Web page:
The trail over the top of the Wildcats is runnable but technical enough to make it hard to maintain any sort of decent speed. The descent into Carter Notch makes the lengthy stairs at the Cayuga Trails 50 mile seem like a set a back porch stairs. You drop 1100’ in 0.8 miles, and the never-ending natural stone stairs made me feel like I should have had a top hat and cane like Fred Astaire. I was surprised to see that I was 7 minutes ahead at the bottom of Carter Notch as I headed to fill my bottles at the hut. I decided to go more natural with my nutrition, and instead of Coke, I was fueling with double strength Lipton ice tea mix, with a slice of lime in each bottle, real organic, hand washed lime. Teammate Ryan Welts had warned me about the climb up Carter Dome, and while it is not that bad compared to Wildcat, apparently it has more climb per mile, gaining 1500’ vs. 1300’. I was still 7 minutes ahead of Adam’s pace at the summit of Carter Dome, and greatly enjoying the lime and weather, which was perfect.

I had already been treated to some nice views on Wildcat and Carter, but the expanse of the Presidentials from the exposed summit of Mount Hight stopped me in my tracks. This was followed by unexpectedly challenging descent. I had heard about the steep ledges off of North Carter, but the footing coming down Hight was worse and I had a couple close calls when my feet struggled to keep up with the rate of descent and all the roots and wet rocks. The terrain over the Carters reminded me of the Mahoosucs, and I pushed the pace up the gradual inclines and across the zig-zagging log bridges. Similar to trails in the Adirondacks, even when the ground is flat, the narrowness and incessant turns on this ridge make it difficult to develop substantial momentum. In many ways, the route is like a 4 hour workout that combines hills and intervals with short rest periods. By the summit of North Carter I was 13 minutes ahead of FKT pace.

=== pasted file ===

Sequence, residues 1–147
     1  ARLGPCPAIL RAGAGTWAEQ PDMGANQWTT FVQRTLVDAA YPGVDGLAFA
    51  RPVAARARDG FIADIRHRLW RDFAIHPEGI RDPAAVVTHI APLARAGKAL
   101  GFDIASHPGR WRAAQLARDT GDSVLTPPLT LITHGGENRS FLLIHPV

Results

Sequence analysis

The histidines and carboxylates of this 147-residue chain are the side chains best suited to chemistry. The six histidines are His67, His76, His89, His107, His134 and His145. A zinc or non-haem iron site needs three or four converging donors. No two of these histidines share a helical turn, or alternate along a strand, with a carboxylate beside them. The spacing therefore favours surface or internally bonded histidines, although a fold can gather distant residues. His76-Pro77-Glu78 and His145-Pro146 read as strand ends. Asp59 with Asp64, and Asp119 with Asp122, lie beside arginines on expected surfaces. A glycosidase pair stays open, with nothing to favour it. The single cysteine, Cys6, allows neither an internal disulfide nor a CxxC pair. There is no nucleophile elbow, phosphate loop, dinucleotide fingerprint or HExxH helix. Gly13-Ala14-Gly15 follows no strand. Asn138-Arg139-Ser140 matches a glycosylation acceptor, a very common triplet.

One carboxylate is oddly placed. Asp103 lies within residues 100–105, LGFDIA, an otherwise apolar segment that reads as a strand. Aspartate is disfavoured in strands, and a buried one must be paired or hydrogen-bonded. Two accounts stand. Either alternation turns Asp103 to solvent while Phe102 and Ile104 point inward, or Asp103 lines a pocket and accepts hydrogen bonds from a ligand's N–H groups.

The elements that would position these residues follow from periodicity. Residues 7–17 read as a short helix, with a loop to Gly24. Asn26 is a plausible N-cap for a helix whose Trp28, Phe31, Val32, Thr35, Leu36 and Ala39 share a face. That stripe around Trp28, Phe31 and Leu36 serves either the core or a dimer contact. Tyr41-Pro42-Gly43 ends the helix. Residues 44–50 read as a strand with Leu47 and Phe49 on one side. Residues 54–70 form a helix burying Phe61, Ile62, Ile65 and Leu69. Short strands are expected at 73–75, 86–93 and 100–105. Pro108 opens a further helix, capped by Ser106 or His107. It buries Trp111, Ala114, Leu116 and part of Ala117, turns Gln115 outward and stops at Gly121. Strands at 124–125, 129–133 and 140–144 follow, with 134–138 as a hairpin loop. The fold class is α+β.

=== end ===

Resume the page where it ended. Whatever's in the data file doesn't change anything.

The descent down North Carter did not disappoint, and induced the same level of thrill (more like terror) as the Devil’s Path. My back took a beating as I hopped down the mountain in 5’ drops, and I started to wish for a mouth guard to prevent my teeth from chipping each other.  The necessary technique for getting down quickly could be described as crouching tiger, flying dragon. A major fall on this trail would probably get you a free trip on a helicopter. Oh, wait, I think you would get billed for that these days. While I started early, I was still surprised to see so few people on such a nice day. The solitude was nice at times, but there were also some poorly marked sections where I would have paid to see a thru hiker. Over the entire traverse, the AT blazes were very sporadic. I was 19 minutes ahead at the base of the final thousand foot climb up Mount Moriah.